My best friend Kim always inadvertently refers to Valentine’s Day as Halloween. Some sort of brain switch she says. Given the terrifying nature of February 14th for many singles, I get it. Just when a girl survives New Year’s Eve, she is stalked by that little hood, Cupid. At least Father Time, a gentleman, plays fair. He confines his Love Fest to one night and even designates the stroke of twelve as the official time for couples across the globe to make out. This gives a single woman the chance to make-like-Cinderella and head home.
Eros, however, doesn’t give a girl a break. No sooner than she finishes her black-eyed peas and cabbage in front of the football game and changes ESPN to the Food Network, the Barefoot Contessa starts dipping strawberries for Jeffrey, and Paula Deen commences frying up some love for Michael. The rapid fire of V Day reminders—candy, hearts, flowers, and getaway package deals—leaves singles shell shocked—especially since we know we’ll get sweet nothings…literally. Six weeks of all-inclusive hype leading up to a day that bars singletons from participating. Not cool.
Cupid is especially hard on the Hopeless Romantics like a never-married-forty-something friend I haven’t seen in years. She used to say, “Valentine’s Day shines a spotlight on all who haven’t been chosen.” I wonder if she still grins and bear it, then the next day drags her bruised heart back to the gym–business as usual–carb counting and cardio classes.
And to be fair, 2/14 isn’t always easy on guys either—and I’m not talking about the Commitment-Phobic (aka Friends with Benefits). These guys fall off the radar, following the groundhog into his hole on February 2nd to ask if they can crash with him for awhile until, say, February 15.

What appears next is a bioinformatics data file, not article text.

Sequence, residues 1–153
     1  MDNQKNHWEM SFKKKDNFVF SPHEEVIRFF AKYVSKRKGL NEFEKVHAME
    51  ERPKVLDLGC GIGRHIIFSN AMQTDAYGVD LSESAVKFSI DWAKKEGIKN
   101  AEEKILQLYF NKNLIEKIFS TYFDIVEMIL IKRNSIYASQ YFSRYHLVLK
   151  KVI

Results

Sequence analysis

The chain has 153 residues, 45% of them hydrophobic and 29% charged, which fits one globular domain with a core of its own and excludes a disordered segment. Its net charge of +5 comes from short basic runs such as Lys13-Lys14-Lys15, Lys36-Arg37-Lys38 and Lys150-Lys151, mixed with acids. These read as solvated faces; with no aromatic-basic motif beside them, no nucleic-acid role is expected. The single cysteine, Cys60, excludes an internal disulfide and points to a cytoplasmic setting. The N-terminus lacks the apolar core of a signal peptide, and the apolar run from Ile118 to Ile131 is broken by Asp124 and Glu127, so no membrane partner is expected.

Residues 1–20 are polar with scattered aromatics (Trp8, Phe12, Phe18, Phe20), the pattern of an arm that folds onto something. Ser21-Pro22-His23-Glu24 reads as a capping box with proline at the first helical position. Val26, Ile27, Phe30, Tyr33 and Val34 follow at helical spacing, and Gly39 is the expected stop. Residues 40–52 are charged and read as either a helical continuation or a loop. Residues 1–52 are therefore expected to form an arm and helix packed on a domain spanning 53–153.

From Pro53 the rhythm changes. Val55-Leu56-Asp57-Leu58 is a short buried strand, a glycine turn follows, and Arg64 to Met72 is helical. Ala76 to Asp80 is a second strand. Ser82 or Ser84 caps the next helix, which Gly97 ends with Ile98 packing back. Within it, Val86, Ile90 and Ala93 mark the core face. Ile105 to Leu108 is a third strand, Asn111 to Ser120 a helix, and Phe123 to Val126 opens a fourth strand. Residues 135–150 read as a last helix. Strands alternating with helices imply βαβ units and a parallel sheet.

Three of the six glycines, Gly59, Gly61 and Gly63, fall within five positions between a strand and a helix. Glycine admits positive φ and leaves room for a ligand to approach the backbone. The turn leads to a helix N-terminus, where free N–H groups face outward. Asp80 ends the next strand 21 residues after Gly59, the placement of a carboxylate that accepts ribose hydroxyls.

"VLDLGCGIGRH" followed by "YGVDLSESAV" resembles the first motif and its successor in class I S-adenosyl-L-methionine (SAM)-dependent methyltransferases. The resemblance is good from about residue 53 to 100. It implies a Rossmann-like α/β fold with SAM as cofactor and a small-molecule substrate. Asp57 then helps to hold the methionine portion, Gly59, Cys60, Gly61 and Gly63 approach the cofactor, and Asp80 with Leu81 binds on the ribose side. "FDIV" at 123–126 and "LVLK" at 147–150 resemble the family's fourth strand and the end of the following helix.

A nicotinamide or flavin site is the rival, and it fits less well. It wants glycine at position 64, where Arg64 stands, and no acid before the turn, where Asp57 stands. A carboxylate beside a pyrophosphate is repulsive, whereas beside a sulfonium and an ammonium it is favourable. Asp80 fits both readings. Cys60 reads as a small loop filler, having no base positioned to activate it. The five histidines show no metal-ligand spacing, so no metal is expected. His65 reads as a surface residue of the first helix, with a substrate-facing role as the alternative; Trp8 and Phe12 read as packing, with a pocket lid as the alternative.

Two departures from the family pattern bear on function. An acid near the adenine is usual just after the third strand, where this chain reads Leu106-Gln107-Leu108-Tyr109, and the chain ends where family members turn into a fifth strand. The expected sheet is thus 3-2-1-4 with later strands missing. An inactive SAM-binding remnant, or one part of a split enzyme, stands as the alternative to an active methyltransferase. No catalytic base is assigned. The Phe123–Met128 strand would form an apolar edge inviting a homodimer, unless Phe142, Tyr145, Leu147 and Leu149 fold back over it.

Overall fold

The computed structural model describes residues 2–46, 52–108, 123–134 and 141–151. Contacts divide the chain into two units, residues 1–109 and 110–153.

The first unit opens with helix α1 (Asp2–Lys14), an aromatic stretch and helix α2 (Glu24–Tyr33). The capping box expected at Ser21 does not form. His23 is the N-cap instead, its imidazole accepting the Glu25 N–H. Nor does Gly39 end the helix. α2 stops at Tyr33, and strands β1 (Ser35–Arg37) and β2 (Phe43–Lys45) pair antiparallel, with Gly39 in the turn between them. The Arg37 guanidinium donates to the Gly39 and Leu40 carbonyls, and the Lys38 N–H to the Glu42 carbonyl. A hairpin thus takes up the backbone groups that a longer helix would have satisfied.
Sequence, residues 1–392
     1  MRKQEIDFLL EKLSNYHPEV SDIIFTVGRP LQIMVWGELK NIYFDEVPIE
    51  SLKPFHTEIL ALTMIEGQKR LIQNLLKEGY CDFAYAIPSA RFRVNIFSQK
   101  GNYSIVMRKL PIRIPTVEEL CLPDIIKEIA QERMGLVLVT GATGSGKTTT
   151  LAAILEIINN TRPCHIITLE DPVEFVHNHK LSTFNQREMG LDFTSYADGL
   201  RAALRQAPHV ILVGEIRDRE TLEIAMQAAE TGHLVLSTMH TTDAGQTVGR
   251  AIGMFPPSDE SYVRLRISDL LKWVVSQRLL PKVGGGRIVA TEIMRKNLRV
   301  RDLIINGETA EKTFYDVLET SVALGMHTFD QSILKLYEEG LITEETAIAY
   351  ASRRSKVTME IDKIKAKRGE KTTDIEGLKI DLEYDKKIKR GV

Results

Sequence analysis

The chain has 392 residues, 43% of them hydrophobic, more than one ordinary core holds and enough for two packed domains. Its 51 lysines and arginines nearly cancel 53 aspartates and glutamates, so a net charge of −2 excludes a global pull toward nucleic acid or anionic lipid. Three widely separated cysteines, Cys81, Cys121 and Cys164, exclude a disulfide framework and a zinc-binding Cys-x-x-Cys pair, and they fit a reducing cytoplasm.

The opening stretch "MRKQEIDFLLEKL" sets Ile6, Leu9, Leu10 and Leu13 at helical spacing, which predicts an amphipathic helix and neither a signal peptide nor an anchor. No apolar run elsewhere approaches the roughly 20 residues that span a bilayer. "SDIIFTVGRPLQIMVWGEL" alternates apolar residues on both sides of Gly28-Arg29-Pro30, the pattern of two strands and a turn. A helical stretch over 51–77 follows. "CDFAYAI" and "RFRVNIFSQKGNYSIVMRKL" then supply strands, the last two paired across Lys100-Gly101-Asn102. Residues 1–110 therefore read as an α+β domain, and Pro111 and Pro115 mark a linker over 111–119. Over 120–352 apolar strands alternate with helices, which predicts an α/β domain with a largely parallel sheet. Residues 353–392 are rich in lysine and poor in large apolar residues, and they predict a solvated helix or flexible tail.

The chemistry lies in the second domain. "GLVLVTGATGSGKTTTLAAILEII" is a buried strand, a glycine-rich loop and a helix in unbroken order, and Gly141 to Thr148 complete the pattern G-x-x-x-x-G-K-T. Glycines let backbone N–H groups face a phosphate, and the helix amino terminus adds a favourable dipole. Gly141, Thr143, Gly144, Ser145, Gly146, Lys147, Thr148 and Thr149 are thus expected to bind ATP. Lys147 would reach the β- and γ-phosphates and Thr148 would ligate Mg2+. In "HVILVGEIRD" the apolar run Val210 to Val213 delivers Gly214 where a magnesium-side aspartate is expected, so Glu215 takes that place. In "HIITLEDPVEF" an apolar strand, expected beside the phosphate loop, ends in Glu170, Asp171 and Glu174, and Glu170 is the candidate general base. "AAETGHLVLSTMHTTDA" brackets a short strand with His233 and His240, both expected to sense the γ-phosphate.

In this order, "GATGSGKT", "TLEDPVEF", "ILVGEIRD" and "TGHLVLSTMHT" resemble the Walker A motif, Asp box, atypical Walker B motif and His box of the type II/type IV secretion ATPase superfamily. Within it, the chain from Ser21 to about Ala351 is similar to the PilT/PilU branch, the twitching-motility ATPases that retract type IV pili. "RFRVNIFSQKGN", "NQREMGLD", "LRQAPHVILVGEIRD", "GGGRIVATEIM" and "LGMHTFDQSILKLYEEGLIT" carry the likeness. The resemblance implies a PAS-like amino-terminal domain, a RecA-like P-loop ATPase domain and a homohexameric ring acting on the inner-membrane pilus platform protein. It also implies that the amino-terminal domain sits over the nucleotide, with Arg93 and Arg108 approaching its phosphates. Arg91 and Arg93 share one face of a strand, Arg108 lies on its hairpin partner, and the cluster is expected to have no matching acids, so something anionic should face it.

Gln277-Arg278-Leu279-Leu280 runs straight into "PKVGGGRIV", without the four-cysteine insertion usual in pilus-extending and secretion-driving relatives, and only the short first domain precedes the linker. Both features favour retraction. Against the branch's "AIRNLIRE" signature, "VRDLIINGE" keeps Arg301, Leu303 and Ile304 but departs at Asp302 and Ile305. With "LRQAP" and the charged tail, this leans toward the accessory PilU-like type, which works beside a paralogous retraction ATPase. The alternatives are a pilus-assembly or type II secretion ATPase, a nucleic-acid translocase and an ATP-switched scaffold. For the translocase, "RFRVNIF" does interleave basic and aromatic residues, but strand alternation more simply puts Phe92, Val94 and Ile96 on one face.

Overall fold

No, I’m talking about the few, the proud, The Good Guys who are truly in love. Some of my guy friends confess that they get performance anxiety when faced with the pressure of planning the perfect Valentine’s Day for their sweethearts. I’ve got some ideas for you, too.
So to the shell shocked and the somewhat confused, relief is on the way…
In the next few posts I’ll tell singles how to not only survive but thrive in V Day’s wake. I’ll explain how a couple of years ago I learned to embrace the power of love for one night, launching a more passionate affair with life. Valentine’s Day looks different than what I imagined…maybe better. Rather than being a hopeless Romantic, I’m now a hopeful one.
So whether you’re solo or in a couple, I’ll offer ideas for making the Big Night more special. I’ll start with the singles because you have to get busy planning. You’re throwing a party, and here’s why…
I’ve been called a Hopeless Romantic all my life. I’ve lived so much in a Dream World I could instruct members of the Witness Protection Program on how to vanish from Reality. At the age of 4 rather than having just any imaginary friend, I had Ringo Starr–my very own boyfriend. Only in a child’s fantasy would I drop a drummer (always been attracted to the band boys), but I traded up for a Pretty Boy lead singer—in fact, solo act, the King himself. Christening my Maiden Voyage toward netting the ideal Catch—the tall, the dark, the handsome—I began fancying the father of my dolls to be Elvis. He had left his love interests in Blue Hawaii and Viva Las Vegas to settle down with me. We were very happy.
Contrary to popular belief, my incorporating fantasy males into my childhood play did not make me Boy Crazy. I’ve always been monogamous. I’ve always wanted to cut to the chase and live happily ever after with THE ONE. So as a preteen, I’d lie on our den couch reading Going Steady, imagining what it would feel like to snag a guy’s class ring and my first kiss. Desperate to find a boyfriend, I began contemplating the upside of a sprained ankle. It would be worth the pain because I imagined the cutest boy in the school carrying me to every class.